There are a lot of firsts in life that signal a new era—your first driver’s license, the first time you need a vehicle that can fit the whole family, and for a young, real estate developer and serial investor, the first time you’re in the financial position to start building your own art collection.
When Will Lansing, founder of Valor Development, a boutique urban development firm in Washington, D.C., purchased an airy loft in the city’s trendy Logan Circle neighborhood, he turned to a trusted friend to bring this “first” to life. “We’ve evolved together,” said Austin-based designer . “We started young when I worked with him on one of his first developments, which was also one of my first projects. Then versus now, he’s able to afford more investment pieces, and there was a real interest in using this design to start collecting original art and vintage furnishings that he would hold onto going forward,” she adds. “This was at the heart of how we approached the design.”
“Everything stayed with his prior residence,” explains Cole, which allowed for a clean departure from the traditional row home he was vacating. “Will is a tailored type of person, but this condo is a lot more urban than where he lived before,” she says of the former paint and autobody shop that had been retrofitted into industrial residences. “The historic element appealed to him, and having spent time in New York, he was attracted to the space’s loft-like aesthetic.”
Enveloped in original and patinaed materials—like exposed brick and a wall of steel windows which hinge open by the pull of a chain—the one-bedroom den had plenty of volume and character. This would end up dictating a lot of the design, as the space needed architectural elements with significant scale that could hold the room.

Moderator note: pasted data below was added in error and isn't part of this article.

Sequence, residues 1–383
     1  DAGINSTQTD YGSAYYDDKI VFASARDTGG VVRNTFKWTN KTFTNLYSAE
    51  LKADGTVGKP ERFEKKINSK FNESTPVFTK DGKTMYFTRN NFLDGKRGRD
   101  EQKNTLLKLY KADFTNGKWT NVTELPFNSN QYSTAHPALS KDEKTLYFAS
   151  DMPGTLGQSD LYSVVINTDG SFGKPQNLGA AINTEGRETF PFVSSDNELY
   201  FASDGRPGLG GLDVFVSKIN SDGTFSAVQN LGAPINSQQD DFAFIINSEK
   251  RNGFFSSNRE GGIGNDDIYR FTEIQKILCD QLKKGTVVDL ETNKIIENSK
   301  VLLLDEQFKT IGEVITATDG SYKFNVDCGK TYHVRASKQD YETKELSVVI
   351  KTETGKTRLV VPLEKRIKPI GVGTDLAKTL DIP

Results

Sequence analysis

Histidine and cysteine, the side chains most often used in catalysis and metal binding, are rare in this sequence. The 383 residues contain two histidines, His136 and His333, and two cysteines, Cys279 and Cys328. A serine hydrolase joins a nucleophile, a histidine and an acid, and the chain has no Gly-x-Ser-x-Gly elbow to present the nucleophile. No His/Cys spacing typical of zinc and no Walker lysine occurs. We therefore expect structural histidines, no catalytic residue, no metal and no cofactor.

“From that, we developed the idea of the sculptural hood and screen-like bookcase,” Cole says of the two elements, both of which rise from floor-to-ceiling and provide opposing focal points in the loft’s main living quarters, one in front of the couch, the other directly behind.
“It’s a bachelor pad so that explains the masculine palette and undertones,” says Cole, but the furnishings would also need to perform to Will’s lifestyle. “He has a dog, he likes to entertain, and he’s in and out with luggage,” she adds. The mix is heavily mid-century modern with contemporary and classic silhouettes, like a Montauk sofa dressed in dusty grey Fabricut upholstery and a custom, solid walnut dining table, “durable luxury,” says Cole.
The artwork hanging behind a vintage Philips HDK80 Dutch Design Classic light fixture—sourced from 360Volt—is a heady black-and-white Hollywood image, ‘Dolce Vita’ by Stephanie Pfriender Stylander, a photographer whose striking portraitures of celebrities in the 90s helped define the era of heroin chic. “Neither I or Will were seeking out the artist in particular, but I saw it and it had the right tone for an industrial bachelor pad,” adds Cole.
For the master bedroom, Cole wasn’t at all perturbed when Will called her up requesting black walls. “I said, ‘good,’ black and white is always good,” she explains. The French white oak floors (which run throughout the entirety of the loft) helped to soften the room, but to create drama and contrast, Cole opted for clean, white sateen bedding from Tribute Goods and a muted installment from Tennessee-based landscape artist Megan Lightell.
The loft’s only other room is a petite-sized office, and sometimes second bedroom, that resides slightly elevated, just off the main living space. “It’s a very cool sequence to go from a really large, open loft into a tight, intimate space where he can work,” notes Cole. First and foremost, Will needed storage, so soaring floor-to-ceiling shelves were installed and painted the same moody shade— Sherwin-Williams Black Magic—as the master bedroom.
To service an ever-rotating arrival of out-of-town guests, a murphy bed was a must, followed by furnishings that could accommodate the space restrictions when it was down. A lacquered brass desk from Lawson Fenning—“its thin frame fit the industrial aesthetic,” said Cole—is finished with a vintage T. H. Robsjohn-Gibbings chair whose leather-bound seat and white oak frame accommodates the loft’s mid-century aesthetic.
Will, Cole notes, is young and is easily able to move between spaces, “this is by no means his forever home,” she says, adding that it will someday become part of his portfolio. And though it is the first time he’s “heavily considered and contemplated his art,” Cole notes, it isn’t the first time the bachelor has leaned toward more storied architecture. “All the places he’s lived in are very special places with lots of historic integrity, and for this, the design wasn’t ever meant to be centered around one particular aesthetic, but rather it was, ‘what does the existing architecture dictate?’”